Court stays aviation regulator's curbs on chopper firm
New Delhi, June 11 (IANS) The Delhi High Court Monday stayed the order of the aviation regulator suspending the permit to fly choppers given to Global Vectra Helicorp, the aviation arm of the Ravi Rishi-led Vectra Group.
The court said it did not find any material on record to justify the withdrawal of the firm's security clearance by the home ministry.
Justice Vipin Sanghi said: "On a perusal of the files produced by the MHA (ministry of home affairs), the ministry of civil aviation and the DGCA (director general of civil aviation), prima facie, this court did not find any such material on record so as to justify such summary withdrawal of the security clearance of Global Vectra by the MHA, without putting Global Vectra to notice, and granting a hearing to them."
The DGCA May 7 suspended the firm's operating permit after the home ministry raised security concerns. The government had also withdrawn the security clearance of Ravi Rishi.
The Central Bureau of Investigation (CBI) is currently probing the alleged role of Rishi, London-based Vectra Group's chairperson, in connection with the multi-crore-rupee deal for the heavy-duty all-terrain Tatra trucks for the army and the bribery allegations made by former army chief Gen. V.K. Singh.
The court said that there was no "grave urgency" to justify the immediate withdrawal of the security clearance by the home ministry and the withdrawal of the mon-scheduled operator's permit by the DGCA without communicating the reasons to the firm.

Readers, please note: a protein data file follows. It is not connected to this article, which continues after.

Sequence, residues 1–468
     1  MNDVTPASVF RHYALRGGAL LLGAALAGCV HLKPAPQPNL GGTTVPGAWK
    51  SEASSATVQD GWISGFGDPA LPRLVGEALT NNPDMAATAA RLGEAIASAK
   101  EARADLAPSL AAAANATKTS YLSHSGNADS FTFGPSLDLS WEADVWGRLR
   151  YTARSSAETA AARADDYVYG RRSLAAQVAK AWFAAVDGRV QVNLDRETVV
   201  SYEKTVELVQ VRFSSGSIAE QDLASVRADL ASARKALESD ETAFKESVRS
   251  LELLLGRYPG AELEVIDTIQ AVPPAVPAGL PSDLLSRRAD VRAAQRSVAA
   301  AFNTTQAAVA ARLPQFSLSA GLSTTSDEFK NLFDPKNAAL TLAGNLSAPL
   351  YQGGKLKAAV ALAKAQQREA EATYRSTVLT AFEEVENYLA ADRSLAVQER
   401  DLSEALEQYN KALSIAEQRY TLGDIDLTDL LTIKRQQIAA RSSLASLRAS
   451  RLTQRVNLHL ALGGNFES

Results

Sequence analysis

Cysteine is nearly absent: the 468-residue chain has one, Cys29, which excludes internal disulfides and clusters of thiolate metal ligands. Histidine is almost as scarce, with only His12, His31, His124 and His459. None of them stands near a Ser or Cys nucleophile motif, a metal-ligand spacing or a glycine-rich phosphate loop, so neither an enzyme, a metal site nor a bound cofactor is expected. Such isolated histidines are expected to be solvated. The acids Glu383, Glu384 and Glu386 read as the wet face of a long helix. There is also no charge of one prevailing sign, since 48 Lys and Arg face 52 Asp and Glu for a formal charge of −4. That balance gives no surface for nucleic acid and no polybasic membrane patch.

"The MHA cannot act independently of the civil aviation requirements in the matter of withdrawal of the security clearance ... only if the material before the MHA was such as to justify immediate and summary action of withdrawal of the security clearance, it could have done so," Justice Sanghi observed.
The court granted the interim relief to Global Vectra on the condition that the government would "be entitled to nominate two directors on the board of directors of Global Vectra".
Appearing for the company, senior advocate Neeraj Kishan Kaul contended that the order on the company's operating permit had been passed without a show cause notice and hence was in complete violation of the principle of natural justice.
The company submitted that the home ministry informed the DGCA that security clearance of Ravi Rishi had been withdrawn. The DGCA then suspended the non-scheduled chopper operator's permit.
Counsel for the DGCA Anjana Gosain told the court that the regulator had only followed the process suggested by the home ministry, which was acting on grounds of public safety.
With a fleet of 23 choppers, the company operates onshore and offshore operations for oil companies and also caters to tourists in northeast India.
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